Translation:A woman is a woman.
It is not as well known as it used to be. I'm sure you are quite welcome.
Well not a 100 percent correct statement these days. It depends on who you ask....
Verb: 이다 means to be. High Formal: -입니다 저는 남자입니다. I'm a man. Formal: -예요/이에요 물이에요. It is water. Casual: (이)야. 나는 학생이야. I'm a student.
이다 is more used in frozen languages or statements. 니다 is totally different from 이다. And 예요 is a shortened form of 이예요. (Think about how do people write "because" on online. They'd rather write it "cuz".)
nope. 이예요 is when a word ends with a vowel : 여자 이예요 when a word ends with a consenent : 학교 예요
It's actually the other way around.
-이에요 when a word ends in a consonant. "음식이에요" -예요 when a word ends in a vowel. "여자예요" "학교예요"
If you say "이에요" fast enough it sounds kind of like "예요" anyway. And both the examples you provided end with vowels, so they would both use "예요". I think it's just for ease of pronunciation; fewer vocal sounds.
http://talktomeinkorean.com/lessons/l1l5/ <check their pdf
For those who are also familiar with Japanese or are taking the Japanese course (to show some basic ones):
The first of the pair is used after vowels. The second of the pair is used after consonants.
- 이에요 when the word ends in a consonant
- 예요 when the word ends in a vowel
I read the comments but still don't get it... What's the formal and what's the informal? And what is "neun"?
I was wondering if the 는 part was the subject marker? But since they don't have Korean on the webberface yet, there's no tips and grammar notes...
은/는 is a topic marker. I think of it as "speaking of.../about...".
So 여자는 여자입니다, could be like "speaking of woman, it is/they are a woman". Something like that.
은 is used if the previous syllable ends in a consonant. Example: 연필은," speaking of pencil..."
는 is used following a vowel like the example 여자는, "speaking of women"
I'm still learning a lot too, so any corrections are appreciated!!
Just to remember, in english there's no particles, so 은/눈 do not have a translation.
They are just the topic or subject markerts.
I could be wrong, but I get the impression that a topic marker in some cases might imply "but" or "however" when used to indicate a "contrasting topic."
Formality is related to Korean culture. It's common in eastern culture.
For example you talk in an office meeting, you have to use formal sentence. But if you speak with your friends just use an informal sentence.
는 (neun) is topic marking particle. Not many languages use it. Mostly it is the subject of the sentence in other languages (but it is not always). For beginner just get to use it.
FYI, subject marking particle in Korean use 이/가.
Ok guys u CANNOT learn the basics here. Basically its for those who already knows....can u please find a website that can teach u? I'll recommend busyatom.com......it starts from the alphabet >verb endings>sentence structure>conversations etc.....it is actually a video that u watch and listen to. You should have a notebook to take notes as well.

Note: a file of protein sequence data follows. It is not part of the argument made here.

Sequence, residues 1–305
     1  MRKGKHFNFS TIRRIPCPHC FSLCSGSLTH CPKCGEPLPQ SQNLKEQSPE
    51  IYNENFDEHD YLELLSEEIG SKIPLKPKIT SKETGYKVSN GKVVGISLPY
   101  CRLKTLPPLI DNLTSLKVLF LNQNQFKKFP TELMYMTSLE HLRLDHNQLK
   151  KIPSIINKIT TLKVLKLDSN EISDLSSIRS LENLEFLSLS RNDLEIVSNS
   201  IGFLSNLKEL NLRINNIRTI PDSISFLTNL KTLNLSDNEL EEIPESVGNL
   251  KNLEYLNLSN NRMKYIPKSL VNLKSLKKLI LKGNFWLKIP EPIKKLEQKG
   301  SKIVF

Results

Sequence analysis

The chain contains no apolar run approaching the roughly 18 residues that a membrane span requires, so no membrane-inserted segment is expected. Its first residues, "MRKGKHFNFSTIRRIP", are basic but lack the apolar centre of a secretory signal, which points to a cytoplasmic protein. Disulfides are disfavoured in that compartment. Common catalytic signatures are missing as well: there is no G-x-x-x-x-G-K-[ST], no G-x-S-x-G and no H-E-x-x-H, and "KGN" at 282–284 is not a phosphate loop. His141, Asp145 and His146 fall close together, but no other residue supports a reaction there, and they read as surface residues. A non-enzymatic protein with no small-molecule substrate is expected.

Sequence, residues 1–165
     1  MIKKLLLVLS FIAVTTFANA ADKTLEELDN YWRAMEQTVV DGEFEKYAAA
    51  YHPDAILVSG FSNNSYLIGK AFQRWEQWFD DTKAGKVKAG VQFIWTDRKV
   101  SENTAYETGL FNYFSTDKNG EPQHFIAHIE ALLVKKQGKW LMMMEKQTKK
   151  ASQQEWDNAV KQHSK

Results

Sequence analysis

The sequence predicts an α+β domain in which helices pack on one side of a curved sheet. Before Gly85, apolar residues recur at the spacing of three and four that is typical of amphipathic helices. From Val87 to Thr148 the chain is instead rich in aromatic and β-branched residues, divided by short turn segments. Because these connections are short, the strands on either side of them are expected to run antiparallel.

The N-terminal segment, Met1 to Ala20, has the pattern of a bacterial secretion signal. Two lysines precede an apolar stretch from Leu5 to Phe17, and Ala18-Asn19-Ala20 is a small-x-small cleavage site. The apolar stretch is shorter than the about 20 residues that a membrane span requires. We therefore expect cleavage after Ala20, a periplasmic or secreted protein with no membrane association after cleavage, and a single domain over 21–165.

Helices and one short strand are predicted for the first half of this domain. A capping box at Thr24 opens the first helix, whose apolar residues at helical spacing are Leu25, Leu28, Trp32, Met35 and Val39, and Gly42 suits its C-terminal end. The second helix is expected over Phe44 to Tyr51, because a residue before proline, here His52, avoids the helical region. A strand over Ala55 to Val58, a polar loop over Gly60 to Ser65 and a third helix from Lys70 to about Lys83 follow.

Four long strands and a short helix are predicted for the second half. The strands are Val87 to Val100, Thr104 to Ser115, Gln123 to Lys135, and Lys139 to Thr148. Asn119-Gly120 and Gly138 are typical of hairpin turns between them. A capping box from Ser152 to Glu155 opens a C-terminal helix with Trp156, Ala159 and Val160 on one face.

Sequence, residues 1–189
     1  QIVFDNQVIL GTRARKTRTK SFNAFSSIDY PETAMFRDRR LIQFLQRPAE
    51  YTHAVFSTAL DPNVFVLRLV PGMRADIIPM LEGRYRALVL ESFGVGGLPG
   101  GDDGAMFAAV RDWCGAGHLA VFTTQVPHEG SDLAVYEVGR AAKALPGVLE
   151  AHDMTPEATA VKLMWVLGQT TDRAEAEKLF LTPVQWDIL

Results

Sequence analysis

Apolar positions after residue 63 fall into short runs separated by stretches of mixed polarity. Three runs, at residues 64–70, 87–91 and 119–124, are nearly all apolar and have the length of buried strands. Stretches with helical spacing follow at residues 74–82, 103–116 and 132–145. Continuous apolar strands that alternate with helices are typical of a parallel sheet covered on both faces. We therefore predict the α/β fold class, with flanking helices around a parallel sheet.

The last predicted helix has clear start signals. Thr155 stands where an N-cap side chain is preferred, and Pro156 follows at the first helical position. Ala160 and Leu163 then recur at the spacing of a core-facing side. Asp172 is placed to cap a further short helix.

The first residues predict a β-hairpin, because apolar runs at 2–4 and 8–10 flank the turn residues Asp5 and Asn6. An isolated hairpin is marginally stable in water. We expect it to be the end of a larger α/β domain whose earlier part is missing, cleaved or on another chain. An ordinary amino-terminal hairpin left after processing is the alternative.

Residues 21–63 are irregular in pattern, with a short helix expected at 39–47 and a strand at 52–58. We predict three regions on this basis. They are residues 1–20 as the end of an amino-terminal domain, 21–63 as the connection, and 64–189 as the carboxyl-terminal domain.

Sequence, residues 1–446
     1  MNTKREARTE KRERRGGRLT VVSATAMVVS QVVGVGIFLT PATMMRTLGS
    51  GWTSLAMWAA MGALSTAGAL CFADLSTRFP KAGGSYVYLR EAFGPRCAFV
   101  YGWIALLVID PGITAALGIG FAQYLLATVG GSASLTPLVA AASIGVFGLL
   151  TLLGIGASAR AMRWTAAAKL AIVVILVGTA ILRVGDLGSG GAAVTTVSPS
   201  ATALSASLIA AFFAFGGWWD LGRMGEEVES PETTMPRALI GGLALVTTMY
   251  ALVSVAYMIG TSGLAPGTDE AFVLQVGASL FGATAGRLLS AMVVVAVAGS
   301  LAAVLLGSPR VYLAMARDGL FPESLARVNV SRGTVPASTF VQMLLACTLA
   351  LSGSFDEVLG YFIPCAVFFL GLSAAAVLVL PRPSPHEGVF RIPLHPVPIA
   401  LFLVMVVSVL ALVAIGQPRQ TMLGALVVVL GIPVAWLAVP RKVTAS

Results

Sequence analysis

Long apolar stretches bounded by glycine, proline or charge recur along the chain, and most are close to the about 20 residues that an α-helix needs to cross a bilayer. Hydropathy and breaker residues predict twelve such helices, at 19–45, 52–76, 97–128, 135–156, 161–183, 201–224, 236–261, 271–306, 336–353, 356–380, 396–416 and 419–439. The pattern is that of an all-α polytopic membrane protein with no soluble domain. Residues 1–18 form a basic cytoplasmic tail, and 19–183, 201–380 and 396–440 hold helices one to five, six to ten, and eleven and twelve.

For those who want to get acquited with some basic rules I would like to recommend "Tengugo Korean 1" app. Cheers
I don't know how I feel about this "learning" process.. Doesn't really teach you much, if anything, and just throws vocab/pre-constructed sentences at you, without teaching you how the part connect.. :/
OH MY GOD I how did i not know that a woman was a woman. my whole life has been a lie. thank you duolingo, thank you for telling me the truth i have been set free from this cruel world of lies.
I personally did not use this website to learn but it has explanations of topic vs subject particles here: http://www.sayjack.com/blog/2010/06/07/korean-topic-particle-and-subject-particle/
also here tells you what particles do, there's also links below to other things Duolingo covered so far; like "and" and "or": http://www.sayjack.com/blog/2010/06/06/introduction-to-korean-particles/
these comments make me overthink korean now because idk whats right or wrong lmao
Ok..... I dont know half of the stuff, and i just learned my abc's 3 days ago. But some words do sound the same in my languages Spanish/English. Some to me are just common sense like Bread, in Korean I hear Pam in spanish is Pan. And if you want to know the basics download Write It! Korean. I literally learned them in one day. They only have the abc but trully awsome and you catch everything right away even how to properly stroke.
Hey!!! I said "woman is a woman" but it corrected me "A woman is a woman". Is that "a" important in English???
I agree with Laure that DL could have been a wee bit more creative in sentence selection.
davideventu1 makes a great suggestion re: http://www.howtostudykorean.com
If you are looking for Korean sources on the web, check out this post for a long list.https://www.duolingo.com/comment/23695875
https://www.duolingo.com/comment/24915626 provides links to the 이/가 , 은/는 issue.
https://www.youtube.com/watch?v=r4TNuJYeJM8 is a tad more advanced than our current level, but presents a great overview of 8 basic verb endings, and different levels of formality, including -ㅂ니다. It is one of "Talk to Me in Korean"'s many free videos available on the web.
So in english this would be a woman (subject) is a woman (topic), right? But in korean, the word order goes: A woman (topic) a woman (subject) is ?
basically. everything in Korean ( sentence structure-wise ) is just reversed from English , if that makes sense
I honestly prefer using it on a laptop over the app because at least the online version has tips and tricks
its part of the " article " that means " a " i'm pretty sure. someone correct me if i'm wrong
I thought "는" was used to make a plural noun, but the translation is 'a woman' and not 'women'. What is it used for then?
I know it's incorrect English grammer and all but I still feel like Woman is woman should be correct since Koren doesn't have "a" anyway.